Why does matching a Result require an explicit Err when changing the type of the Result?

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I have a match expression that I would like to potentially return an error from. It seems that the compiler is not able to infer that the last case e is an Err(String) and requires the pattern to be explicit:

fn foo() -> Result<Option<u8>, String> {     unimplemented!() // don't mind the panic here }  fn foo2() -> Result<u8, String> {     let bar = foo();      for _ in 0..3 {         let baz = match bar {             Ok(Some(b)) => b,             Ok(None)    => continue,             Err(e)      => return Err(e) // works //          e           => return e      // error[E0308]         };     }      Ok(0) }  fn main() {     let _ = foo2(); } 

The error is:

error[E0308]: mismatched types   --> src/main.rs:13:33    | 13 |           e           => return e      // error[E0308]    |                                 ^ expected u8, found enum `std::option::Option`    |    = note: expected type `std::result::Result<u8, _>`               found type `std::result::Result<std::option::Option<u8>, _>` 

I'm pretty sure I have exhausted all the Ok(_) variants, so the only one left should be Err(_). This error doesn't occur if foo() returns Result<u8, String>, for instance. Am I missing anything?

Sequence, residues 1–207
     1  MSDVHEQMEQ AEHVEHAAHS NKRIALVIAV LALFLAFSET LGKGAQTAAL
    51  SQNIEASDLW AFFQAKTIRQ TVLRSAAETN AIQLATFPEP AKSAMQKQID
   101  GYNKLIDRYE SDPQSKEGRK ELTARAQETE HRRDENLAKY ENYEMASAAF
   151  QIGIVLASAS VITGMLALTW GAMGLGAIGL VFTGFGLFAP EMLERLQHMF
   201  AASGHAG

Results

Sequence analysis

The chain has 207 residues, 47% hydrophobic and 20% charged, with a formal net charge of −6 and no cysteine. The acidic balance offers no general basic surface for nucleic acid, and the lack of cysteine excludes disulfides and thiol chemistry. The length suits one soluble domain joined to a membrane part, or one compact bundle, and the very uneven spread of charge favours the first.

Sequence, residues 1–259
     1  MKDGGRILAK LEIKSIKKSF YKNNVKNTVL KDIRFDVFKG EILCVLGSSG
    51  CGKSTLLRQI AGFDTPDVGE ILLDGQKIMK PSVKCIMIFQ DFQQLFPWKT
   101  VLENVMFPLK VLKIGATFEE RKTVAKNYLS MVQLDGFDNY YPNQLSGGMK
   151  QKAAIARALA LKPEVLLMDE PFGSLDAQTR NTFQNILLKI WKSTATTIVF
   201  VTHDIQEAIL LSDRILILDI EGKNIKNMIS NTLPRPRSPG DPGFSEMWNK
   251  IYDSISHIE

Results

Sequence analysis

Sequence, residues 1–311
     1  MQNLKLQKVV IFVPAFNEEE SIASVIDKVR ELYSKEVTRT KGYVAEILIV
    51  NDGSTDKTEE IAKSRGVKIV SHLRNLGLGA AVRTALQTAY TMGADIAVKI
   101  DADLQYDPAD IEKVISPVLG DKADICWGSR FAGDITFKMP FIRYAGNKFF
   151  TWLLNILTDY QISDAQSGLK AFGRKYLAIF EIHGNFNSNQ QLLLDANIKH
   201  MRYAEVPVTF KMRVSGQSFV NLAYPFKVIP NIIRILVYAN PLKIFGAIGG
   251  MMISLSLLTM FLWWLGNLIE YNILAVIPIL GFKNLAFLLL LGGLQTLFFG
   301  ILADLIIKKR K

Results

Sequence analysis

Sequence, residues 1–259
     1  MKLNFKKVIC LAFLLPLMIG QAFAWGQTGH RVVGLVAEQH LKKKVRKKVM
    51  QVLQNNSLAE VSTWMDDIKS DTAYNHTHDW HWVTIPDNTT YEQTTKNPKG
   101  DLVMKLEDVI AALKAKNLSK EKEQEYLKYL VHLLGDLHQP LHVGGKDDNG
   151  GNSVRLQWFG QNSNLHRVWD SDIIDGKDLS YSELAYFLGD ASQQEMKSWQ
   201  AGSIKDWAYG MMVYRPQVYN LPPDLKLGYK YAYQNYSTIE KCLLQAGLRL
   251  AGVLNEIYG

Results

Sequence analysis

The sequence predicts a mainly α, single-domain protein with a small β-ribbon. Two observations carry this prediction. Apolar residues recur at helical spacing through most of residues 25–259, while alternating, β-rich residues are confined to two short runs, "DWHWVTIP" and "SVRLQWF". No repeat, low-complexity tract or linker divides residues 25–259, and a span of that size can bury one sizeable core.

Because Err is not a type.

Err is a variant of Result<T, E> whose type is Result<T, E>. Since Result<T, E> is different from Result<U, E> unless T == U, and since there is no implicit conversion, you need to explicitly perform the conversion.

I admit it does look silly since type inference takes care of deducing the T, U, and E in this case resulting in Err(e) => return Err(e), but at the semantic level those 2 Err(e) have different types.

For another silly example:

enum Term<'a> {     Int(i64),     String(&'a str), }  fn staticify(t: Term) -> Term<'static> {     use Term::*;      match t {         String(_) => String("Hello, World!"),         _ => t,     } } 

Will fail for the same reason, because Term<'a> and Term<'static> are not the same type unless 'a == 'static. When Term contains mostly non-lifetime parameters it gets tedious :(


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